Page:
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Indie Techno: Grouse, Kilowatts, Sonic Radiation

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GROUSE: We Want to Be Loved (CD on Babyfly Records)

This release from 2005 offers 55 minutes of dreamy techno.

Grouse is Ronan Carroll (the guitarist from Tempest), with assistance from Aoife Hand, Makoto Miyashita and Laura Winter on vocals, Brian Switzer on trumpet and Mark Skowronek on bass.

Sultry melodies are crafted with sinuous electronics and sneakily complex percussion. Smooth keyboards are employed to give certain passages an endearing quality, while guitar and other instruments flesh out the sound with delicate affluence. The guitar's serene growl adds a remarkable undercurrent, while at other points an acoustic strumming sends pulsating stars flittering through a lover's eyes.

A dreamy quality is dominant here, stepping down the frenetic velocity and producing a pleasantly mesmerizing flavor. Sedate keyboards wander through some tunes, injecting a softly romantic edge. Rumbling basslines ooze with similar effect, generating a melancholic lilt.

Percussion is applied in nimble and relaxed modes. Both applications flourish with intricate rhythms, drawing in the listener with their inviting tempos. The presence of alternate beat tracks lends a lush complexity to the music.

Vocals make periodic appearances throughout this CD, rarely intruding on the overall ethereal quality maintained by the music.

Not to belabor the point, but this release is rewardingly dreamy. Possessing more substance than ambience, but displaying a higher pep quotient than most contemporary electronics, it lulls without sedation and quietly stimulates.

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KILOWATTS: Routes (CD on Artificial Music Machine)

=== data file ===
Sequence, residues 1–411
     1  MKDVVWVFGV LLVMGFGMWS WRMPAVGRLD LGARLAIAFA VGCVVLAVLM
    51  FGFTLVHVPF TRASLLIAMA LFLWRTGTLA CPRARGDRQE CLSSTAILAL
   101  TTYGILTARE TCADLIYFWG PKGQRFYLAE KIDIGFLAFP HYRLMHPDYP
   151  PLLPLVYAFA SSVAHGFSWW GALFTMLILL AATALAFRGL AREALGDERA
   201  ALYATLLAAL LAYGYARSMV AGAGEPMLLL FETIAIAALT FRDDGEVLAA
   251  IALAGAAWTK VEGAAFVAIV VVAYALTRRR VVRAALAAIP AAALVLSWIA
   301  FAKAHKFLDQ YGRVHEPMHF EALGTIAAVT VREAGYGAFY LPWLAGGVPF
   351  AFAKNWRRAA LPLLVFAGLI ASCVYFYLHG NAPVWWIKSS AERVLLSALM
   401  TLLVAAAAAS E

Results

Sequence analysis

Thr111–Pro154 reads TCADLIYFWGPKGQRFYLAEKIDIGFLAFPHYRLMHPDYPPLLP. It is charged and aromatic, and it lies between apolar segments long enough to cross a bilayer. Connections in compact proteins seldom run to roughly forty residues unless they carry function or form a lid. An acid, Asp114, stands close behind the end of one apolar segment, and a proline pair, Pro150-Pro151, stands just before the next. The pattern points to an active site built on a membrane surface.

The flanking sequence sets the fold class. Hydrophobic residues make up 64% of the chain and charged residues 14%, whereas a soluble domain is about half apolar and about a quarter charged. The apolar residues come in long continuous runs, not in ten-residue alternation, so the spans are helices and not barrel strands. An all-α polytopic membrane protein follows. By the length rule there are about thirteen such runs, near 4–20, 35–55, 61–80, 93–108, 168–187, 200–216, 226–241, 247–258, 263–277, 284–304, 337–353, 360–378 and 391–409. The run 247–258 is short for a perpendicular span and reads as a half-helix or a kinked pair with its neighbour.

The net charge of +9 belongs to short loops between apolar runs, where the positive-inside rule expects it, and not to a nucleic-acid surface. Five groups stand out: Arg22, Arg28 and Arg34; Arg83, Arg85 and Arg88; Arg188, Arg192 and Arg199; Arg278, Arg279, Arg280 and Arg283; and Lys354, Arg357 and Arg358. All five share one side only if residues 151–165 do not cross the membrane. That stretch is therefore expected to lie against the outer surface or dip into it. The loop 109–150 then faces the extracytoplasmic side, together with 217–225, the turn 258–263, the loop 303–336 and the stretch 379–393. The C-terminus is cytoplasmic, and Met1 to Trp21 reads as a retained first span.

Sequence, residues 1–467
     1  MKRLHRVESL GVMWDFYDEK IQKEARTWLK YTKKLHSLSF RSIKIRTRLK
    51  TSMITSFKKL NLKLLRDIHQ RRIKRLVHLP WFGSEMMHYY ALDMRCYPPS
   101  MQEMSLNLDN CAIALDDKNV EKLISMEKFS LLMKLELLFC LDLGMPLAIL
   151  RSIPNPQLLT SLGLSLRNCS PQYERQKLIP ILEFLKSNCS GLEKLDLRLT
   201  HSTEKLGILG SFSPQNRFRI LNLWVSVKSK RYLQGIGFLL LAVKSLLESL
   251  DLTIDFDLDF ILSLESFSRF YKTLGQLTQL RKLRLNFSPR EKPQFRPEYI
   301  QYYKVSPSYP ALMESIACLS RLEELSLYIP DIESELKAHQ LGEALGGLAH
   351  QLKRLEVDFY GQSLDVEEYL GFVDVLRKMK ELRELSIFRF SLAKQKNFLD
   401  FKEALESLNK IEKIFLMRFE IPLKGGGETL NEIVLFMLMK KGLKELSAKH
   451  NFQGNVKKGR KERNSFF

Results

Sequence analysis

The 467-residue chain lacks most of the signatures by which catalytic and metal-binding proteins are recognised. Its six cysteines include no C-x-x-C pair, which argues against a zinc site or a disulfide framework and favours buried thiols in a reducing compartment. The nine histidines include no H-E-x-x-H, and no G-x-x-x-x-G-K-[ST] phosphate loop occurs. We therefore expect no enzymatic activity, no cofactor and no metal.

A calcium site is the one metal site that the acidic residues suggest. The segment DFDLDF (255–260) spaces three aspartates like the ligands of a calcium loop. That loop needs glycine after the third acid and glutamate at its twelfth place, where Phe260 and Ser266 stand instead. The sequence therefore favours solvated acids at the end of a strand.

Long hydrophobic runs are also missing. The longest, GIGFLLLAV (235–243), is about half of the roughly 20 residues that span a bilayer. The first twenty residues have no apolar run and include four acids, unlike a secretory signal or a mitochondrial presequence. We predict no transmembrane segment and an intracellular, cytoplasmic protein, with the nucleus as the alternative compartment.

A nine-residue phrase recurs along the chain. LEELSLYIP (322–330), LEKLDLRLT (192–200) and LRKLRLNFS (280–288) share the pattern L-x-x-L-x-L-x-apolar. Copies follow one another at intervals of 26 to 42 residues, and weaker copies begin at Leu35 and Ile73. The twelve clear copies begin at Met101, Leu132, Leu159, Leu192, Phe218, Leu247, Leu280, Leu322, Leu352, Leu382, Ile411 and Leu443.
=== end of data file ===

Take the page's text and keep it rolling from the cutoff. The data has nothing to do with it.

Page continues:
This release from 2006 features 68 minutes of crisply satisfying techno.

Here we have a CD that combines ilbient and techno, doling out a tasty dose of chittering diodes and slithering electronics and intricate rhythms of gratifying ecstasy. Mixed in with this fleet-footed tuneage are some heavenly airs to give the music perspective.

Whiny sounds crawl in-between crunching e-perc immersed in a seething nest of agitated electronic beats and slips. A wild assortment of utterly synthetic noises conspire to produce swaying tuneage of energized disposition. The rhythms are fast and unpredictable. The melodies are determined, but frequently sidetracked by auxiliary augmentation; these distractions, though, only serve to increase the engaging quality of the music. Each new stage erupts with a fresh measure of super-charged beats, driving a relentless blur deep into the listener's head.

Crowded in with all these unexpected turns are some thoroughly satisfying compositions. Gregarious melodies are cleverly buried in hordes of spiny thorns and razor-edged beats.

This music circles at high altitudes, spinning fast and generating edgy loops that tantalize with hints of Autechre while drifting on Orbesque breezes.

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SONIC RADIATION The 121 Project (CD on I Unknown Records)

This release from 2005 offers 42 minutes of steadfast tuneage.

Lush electronics spill forth laced with surging bass-tones, establishing a moody foundation. Effects are scattered throughout, lending diversions and punctuating the flow with novel instances. Squealing diodes surface and recede, further embellishing the mix. Cyclic loops are established, then auxiliary cycles are added as each tune progresses. Variations are subtle, relying more on the introduction of new loops that evolving existing threads. The result is dependable and somewhat pleasant.

Snappy e-perc invigorates the sonic mesh with steadfast rhythms that utilize a variety of impact timbres. The tempos provide durable locomotion for the chugging electronics. Again, variation plays a parse role here, relying on hypnotic accretion.

Voice samples from sci-fi movies are infrequent, appearing briefly to set the stage for certain tunes.

While the compositions are generally unilateral, the songs exhibit strong roots in early techno wherein beats and bass-tones are established and allowed to run rampant while electronic trappings are tweaked on the fly and phased in and out by a mixmaster. The overall appeal of this music is very similar to early rave tuneage in which things set a stable trance milieu and rarely stray from that central mood.

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